I’m thinking of creating a new Lukas family revenue stream by renting out my kids.
Not for anything creepy (ew) just brutal manual labor. I’ve got an eight-year-old girl with long, strong limbs who’d be great at farming or picking up trash and a five-year-old boy who can probably run repetitive machinery. If I can get at least ten-bucks-an-hour each for their labor, I’ll pay them fifty-cents-a-day but overcharge them for yogurts and clean sheets and phone calls. It’s brilliant. When they’re eighteen, I’ll extend their home stay for three years since it’d be a shame to lose that money flow.
Maximizing profits is easy.
Making that kind of cash off my kids would be simple if a) it was legal and b) I was heartless. Thankfully it’s not legal because there are days of child-induced chaos where for a price I might just be willing to ship them out.
If only they were state prisoners.
If I had four or five convicted criminals at my disposal, I could let them crash on garage cots at night but rent them out all day. It’d be the same deal as with the kids, only I wouldn’t have to feel as guilty about what I’m doing to them. After all, it’s their own fault for screwing up and breaking the law. Hopefully I get the ‘good’ ones who only have less than four years to go on their sentence because they’ll be less likely to run.
Can’t make money if my product escapes.
Now I finally get why slavery was so awesome. It would be like having the same prisoners at my disposal, but they’d be serving a lifelong sentence. Brilliant. Too bad those bleeding-heart Yankees put an end to THAT gravy train.
At least there are state prisoners.
Next best thing to slaves, if you ask me. Or GEO and Corrections Corporation of America. They’re the two largest for-profit prison companies in the United States. They rake in a combined total of $3.3 billion in annual revenue from renting out these inmates. It doesn’t get much easier than that. Feed ‘em powdered eggs and stale bread and then ship ‘em off to the fields and factories to help maximize the profits.
Sure, you’ve gotta grease a few palms. For-profit companies run more than 150 jails, prisons, and detention centers in the U.S., they oversee about 8 percent of the total prison population, so of course some lawmakers and governors and sheriffs would have to be handsomely rewarded for their litigious cooperation.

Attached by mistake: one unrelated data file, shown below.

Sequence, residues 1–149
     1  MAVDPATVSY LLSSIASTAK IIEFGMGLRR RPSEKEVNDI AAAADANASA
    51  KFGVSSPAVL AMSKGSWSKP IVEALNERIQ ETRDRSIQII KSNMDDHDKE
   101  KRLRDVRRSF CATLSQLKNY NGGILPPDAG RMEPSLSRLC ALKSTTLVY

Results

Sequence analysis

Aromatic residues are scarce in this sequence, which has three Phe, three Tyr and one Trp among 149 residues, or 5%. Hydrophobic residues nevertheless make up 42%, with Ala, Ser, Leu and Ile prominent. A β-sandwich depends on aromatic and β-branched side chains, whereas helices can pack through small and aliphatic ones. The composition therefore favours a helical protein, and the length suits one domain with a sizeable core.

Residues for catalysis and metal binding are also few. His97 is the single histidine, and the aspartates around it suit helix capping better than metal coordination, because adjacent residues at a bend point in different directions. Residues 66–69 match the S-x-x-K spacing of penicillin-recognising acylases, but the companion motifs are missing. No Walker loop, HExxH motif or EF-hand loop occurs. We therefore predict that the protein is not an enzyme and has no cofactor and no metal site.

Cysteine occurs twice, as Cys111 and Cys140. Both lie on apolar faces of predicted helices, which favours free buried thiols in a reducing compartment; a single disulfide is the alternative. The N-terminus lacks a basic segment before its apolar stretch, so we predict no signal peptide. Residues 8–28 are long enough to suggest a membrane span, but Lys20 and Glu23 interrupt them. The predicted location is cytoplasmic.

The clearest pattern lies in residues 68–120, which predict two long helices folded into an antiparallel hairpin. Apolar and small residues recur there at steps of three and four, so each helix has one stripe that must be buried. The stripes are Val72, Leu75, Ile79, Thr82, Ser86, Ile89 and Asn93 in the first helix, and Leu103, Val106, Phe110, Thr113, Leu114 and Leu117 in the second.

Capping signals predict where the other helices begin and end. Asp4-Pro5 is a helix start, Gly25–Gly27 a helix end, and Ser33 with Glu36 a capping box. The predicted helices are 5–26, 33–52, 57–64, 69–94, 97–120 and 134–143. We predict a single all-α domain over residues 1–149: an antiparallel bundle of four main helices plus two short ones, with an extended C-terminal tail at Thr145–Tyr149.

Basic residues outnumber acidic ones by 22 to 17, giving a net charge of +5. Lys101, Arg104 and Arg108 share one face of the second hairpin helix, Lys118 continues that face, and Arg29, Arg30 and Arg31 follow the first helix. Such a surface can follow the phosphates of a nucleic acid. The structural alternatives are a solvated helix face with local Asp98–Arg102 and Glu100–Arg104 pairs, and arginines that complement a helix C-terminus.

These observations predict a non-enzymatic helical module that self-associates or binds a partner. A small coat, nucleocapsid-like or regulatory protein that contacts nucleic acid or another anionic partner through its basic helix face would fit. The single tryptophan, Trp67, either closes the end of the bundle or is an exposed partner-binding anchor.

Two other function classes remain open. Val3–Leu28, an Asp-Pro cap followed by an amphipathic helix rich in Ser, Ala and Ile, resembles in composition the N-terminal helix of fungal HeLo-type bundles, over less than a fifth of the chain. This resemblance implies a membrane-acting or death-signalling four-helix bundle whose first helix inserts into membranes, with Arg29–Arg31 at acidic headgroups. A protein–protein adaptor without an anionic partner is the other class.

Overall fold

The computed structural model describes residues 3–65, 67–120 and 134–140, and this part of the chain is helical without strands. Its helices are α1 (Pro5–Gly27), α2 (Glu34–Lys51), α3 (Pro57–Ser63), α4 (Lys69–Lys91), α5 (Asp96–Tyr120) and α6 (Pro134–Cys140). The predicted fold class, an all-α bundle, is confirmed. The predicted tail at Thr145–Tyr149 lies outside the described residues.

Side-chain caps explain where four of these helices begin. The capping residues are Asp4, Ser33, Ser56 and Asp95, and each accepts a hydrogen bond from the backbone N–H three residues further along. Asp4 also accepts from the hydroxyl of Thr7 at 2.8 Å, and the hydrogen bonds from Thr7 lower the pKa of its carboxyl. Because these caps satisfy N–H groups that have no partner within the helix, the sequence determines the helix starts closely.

That’s just the price of running slaves, I mean prisoners.
Of course, the worst thing that could happen to this business model is for the idiots in charge to change the drug laws to reflect reality. Talk about cutting off our product flow – a lot of these slaves, I mean prisoners, wouldn’t even be there making money for the prison shareholders if, say, pot were legal or drug possession wasn’t such a punishable offense. That’s why the federal War on Weed must continue.
And here’s the best part.
The private prison contracts often require the government to keep the correctional facilities and immigration detention centers full. This forces communities to continuously funnel people into the prison system, even if actual crime rates are falling. Nearly two-thirds of private prison contracts mandate that state and local governments maintain a certain occupancy rate – usually 90 percent – or require taxpayers to pay for empty beds. (Link to Article)
Sometimes when capitalists like Milton Hershey or Bill Gates start to show weakness, I mean compassion towards their slaves, er, workers, it scares me. If we start to consider such frivolities as quality of life and fair pay with decent benefits, I’m afraid these human beings might also want more education or time for their hobbies, and that just can’t happen when there’s money to be made.
They have to know their place.
Slaves, I mean prisoners, are beginning to realize what’s being done to them, and they’re starting to fight back. (Link to Article) Thankfully, most for-profit prisons are found in the South, and have actually been founded on old slave-holding plantation grounds. This gives the slaves, I mean prisoners, a chance to remember that things could be a lot worse – their sentence could be permanent.
Maximizing profits is easy.
- Mike Lukas
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